The Goblin King is far more interesting than Sarah, whose themes are very predictable and hammered home with no subtlety. She takes everything for granted, is too quick to yield to her first read of a situation, and believes things should be fair without any basis for what "fair" really is. She thinks the world is about her and has built herself a living tomb of chintzy fairy-tale junk that she considers more important than her family life or even her little brother. I noticed that every setback she encountered seemed to be marked by two things: her cavalier belief that the world was just going to work for her (piece of cake!) and her utter failure to actually talk to anyone. She assumes that if it's need-to-know, someone will tell her, and goes from there. Had she asked the worm what was wrong with the left path, she'd have gotten straight to the castle. Had she asked the hands what was down and what was up, she wouldn't have gotten dropped into the I can't spell it so pit. Hell, even when she was down there she was ready to pretend she knew what it was until Hoggle called her out on it. Sarah really does think that everything's a piece of cake even while taking it all for granted. Actually, even the resolution of the final confrontation hinges on her realizing that she was taking Jareth's power over it all for granted - when she declares that he does not, in fact, have any power over her, it all breaks down. But she never would have asked, no. In her world, everything is just so and that's all anyone needs to know, and whenever something deviates from that expectation it's not "fair," because "fair" is knowing all the rules or getting a participation ribbon or something like that.
Her further problem is that she's willing to learn, but only on a case-by-case basis. Every lesson she learns she has to relearn during the movie. Don't trust Hoggle - but take a convenient fruit from him when he's acting shifty, sure. Don't take things for granted - take a few more things for granted and then whine about it. Aaaagain. I think she goes into the climax alone because she realizes that she can never outmatch the Goblin King if she keeps expecting things to be fair and to just work out for her, which is what all of her new friends represent. Hoggle's always appearing to pull her out of a scrape, Ludo (thanks Rachel) brings howling druid skills to bear that open a pathway whenever all seems lost, and even Didymus, latecomer though he is, makes for an effective frontline fighter. As long as they're around, she's never going to accomplish anything herself, and the Goblin King doesn't give a crap about any of them, really. To reach the final confrontation and save Toby, she has to stop taking the Escher castle for granted and make a leap of faith; once there, she has to come to that final realization that Jareth's powers are all enchantment and illusion magic and that none of them actually work directly on her if she doesn't want them to. My Will is as great indeed.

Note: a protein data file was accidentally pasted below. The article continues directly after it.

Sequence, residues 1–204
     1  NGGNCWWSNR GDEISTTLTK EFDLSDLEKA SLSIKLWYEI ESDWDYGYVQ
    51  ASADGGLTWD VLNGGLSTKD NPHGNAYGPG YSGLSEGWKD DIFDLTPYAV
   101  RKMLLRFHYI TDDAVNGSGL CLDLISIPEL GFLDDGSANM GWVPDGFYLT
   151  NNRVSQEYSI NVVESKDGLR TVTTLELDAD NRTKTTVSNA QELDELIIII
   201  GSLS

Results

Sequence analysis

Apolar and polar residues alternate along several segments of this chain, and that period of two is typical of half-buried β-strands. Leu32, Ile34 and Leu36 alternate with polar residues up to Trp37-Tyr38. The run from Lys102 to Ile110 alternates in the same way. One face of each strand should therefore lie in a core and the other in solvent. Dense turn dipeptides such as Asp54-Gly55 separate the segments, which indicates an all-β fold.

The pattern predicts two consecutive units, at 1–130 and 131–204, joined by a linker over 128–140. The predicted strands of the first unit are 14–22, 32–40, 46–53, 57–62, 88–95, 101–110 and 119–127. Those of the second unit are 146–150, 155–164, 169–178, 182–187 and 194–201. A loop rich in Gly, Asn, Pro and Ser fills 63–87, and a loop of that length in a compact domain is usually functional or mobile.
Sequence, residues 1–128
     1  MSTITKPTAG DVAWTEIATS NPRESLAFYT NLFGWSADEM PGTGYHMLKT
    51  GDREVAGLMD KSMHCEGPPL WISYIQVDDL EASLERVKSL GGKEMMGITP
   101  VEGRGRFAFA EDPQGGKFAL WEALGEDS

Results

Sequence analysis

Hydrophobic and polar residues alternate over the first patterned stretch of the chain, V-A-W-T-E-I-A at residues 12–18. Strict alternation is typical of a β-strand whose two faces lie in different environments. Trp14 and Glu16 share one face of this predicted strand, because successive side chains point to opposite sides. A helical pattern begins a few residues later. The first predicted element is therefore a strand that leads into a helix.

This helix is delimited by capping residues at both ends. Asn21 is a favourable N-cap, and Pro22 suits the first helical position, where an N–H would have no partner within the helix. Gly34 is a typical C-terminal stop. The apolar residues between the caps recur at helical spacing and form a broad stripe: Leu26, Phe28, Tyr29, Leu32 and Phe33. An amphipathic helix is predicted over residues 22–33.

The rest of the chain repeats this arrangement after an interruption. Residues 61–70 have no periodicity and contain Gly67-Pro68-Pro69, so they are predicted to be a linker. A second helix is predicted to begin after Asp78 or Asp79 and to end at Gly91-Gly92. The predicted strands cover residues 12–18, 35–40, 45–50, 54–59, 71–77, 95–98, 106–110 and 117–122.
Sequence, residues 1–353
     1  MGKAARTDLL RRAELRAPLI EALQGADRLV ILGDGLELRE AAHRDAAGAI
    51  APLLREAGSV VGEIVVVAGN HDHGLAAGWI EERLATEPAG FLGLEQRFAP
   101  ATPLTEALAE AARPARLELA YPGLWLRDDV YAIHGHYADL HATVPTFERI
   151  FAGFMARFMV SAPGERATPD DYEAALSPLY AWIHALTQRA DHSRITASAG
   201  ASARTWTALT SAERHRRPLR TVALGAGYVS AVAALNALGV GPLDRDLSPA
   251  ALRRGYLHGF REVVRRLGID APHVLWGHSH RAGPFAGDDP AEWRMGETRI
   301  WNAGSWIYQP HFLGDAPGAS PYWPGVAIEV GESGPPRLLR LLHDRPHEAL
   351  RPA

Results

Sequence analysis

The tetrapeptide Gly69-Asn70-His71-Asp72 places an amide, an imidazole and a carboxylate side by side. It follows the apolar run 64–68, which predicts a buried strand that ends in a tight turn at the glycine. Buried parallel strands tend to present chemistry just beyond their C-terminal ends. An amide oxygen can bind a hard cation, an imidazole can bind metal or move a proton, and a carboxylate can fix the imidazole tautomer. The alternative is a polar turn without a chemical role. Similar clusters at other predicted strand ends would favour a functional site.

It's a fine movie, and I bet kids really enjoyed it. The songs are generally catchy (excepting the stupid Fiery song) with Magic Dance being particularly cool, since it opens with this wacky patter and has a good rhythm. The final song is probably the second-weakest of the lot, since its themes are sort of out there and it's more of a musical poem than an actual song. What a great voice that guy has, though. I understand from the comments that he's an actual musician; I'll have to check out some of his work. Hopefully when he's wearing more appropriate pantaloons.